In addition, see the MathDL Flash Forum Learning Center (http://www.math.uri.edu/~flashcenter/) for a preview of the material we will be working with this summer. Note that much of the material on the site is in Flash 8 / ActionScript2.0 format. We will have updated versions of most of this material available at (and shortly after) the workshop.

Workshop gallery

Here are examples of the material we will develop in this workshop. All of these examples are fully implemented & documented for Flash CS3 & ActionScript 3.0. Click on any screen shot to open the sample in a new window so you can see how it works. Note that the examples on the first row are templates are based on custom ActionScript 3.0 visual and parsing classes which we will examine during the workshop. The templates are easily customizable using methods of the classes. ALL FLASH MATHLETS ON THIS PAGE REQUIRE THE FREE ADOBE FLASH 9 PLAYER.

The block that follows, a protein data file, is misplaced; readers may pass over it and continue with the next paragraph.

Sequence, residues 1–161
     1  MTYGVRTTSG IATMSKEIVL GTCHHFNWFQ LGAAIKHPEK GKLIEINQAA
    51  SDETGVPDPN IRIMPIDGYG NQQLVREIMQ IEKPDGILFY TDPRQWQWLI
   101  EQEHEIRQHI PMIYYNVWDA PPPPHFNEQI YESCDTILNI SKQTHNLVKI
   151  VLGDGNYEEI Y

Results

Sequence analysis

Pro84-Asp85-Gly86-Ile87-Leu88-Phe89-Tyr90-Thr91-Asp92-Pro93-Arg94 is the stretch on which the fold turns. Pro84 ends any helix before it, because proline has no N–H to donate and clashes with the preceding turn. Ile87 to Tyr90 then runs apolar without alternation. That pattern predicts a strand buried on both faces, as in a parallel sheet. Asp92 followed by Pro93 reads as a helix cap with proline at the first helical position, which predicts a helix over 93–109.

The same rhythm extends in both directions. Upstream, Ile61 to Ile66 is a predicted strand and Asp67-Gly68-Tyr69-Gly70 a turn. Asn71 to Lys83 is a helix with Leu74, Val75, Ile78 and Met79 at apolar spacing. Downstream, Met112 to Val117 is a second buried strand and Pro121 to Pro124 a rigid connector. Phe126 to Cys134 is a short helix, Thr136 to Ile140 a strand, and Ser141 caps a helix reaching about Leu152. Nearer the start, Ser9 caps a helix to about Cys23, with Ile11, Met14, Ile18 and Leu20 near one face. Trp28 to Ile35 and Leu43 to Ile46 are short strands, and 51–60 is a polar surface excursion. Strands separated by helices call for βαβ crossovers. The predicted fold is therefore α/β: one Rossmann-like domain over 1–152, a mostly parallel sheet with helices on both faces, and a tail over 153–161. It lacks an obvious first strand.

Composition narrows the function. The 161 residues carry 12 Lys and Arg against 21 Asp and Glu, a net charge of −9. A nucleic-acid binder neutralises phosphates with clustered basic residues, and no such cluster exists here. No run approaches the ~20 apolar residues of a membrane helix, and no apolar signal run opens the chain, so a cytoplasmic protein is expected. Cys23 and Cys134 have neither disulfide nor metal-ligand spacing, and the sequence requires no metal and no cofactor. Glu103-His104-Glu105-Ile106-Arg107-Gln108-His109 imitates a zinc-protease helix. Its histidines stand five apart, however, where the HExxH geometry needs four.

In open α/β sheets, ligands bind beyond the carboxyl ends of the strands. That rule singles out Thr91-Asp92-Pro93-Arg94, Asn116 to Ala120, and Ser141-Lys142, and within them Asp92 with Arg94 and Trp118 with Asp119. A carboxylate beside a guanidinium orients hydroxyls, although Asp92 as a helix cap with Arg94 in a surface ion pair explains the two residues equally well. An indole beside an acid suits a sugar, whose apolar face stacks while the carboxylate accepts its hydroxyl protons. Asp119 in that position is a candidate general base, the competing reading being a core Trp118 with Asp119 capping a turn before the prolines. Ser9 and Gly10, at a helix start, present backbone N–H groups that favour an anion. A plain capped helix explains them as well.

Function Grapher Template 1
Uses custom classes for graphing and parsing
Arithmetic Quiz
Function Grapher Template 2
Adds tracing functionality
Arithmetic Quiz
Parametric Grapher Template
Tracing parametric or polar curves with slider
Arithmetic Quiz
Arithmetic Quiz
Three types of textboxes, random numbers
Arithmetic Quiz
Multiple Choice Question
Radio button components
Multiple Choice Quesiton
Proof Completion
Combo box component
Arithmetic Quiz
Simple Histogram
Parsing data, drawing filled shapes at runtime
Arithmetic Quiz
Circular Motion
Managing motion w/ buttons and keys
Arithmetic Quiz
Line through Two Points
Creation of shapes from mouse clicks
Arithmetic Quiz
Function graphing demystified
Creating a function grapher from scratch
Arithmetic Quiz
Family of functions
Illustrate scaling and shifting of functions
Arithmetic Quiz
Bouncing Ball with Sprites
Animation with onEnterFrame and Sprites
Arithmetic Quiz
Proof Scrambler
Drag and Drop
Arithmetic Quiz
Transformations of a square
Color transformations
Arithmetic Quiz
Matrix Manipulation
Runtime creation of input textboxes
Arithmetic Quiz

The site http://www.ship.edu/~deensl/ is maintained by Doug Ensley, who is solely responsible for its content.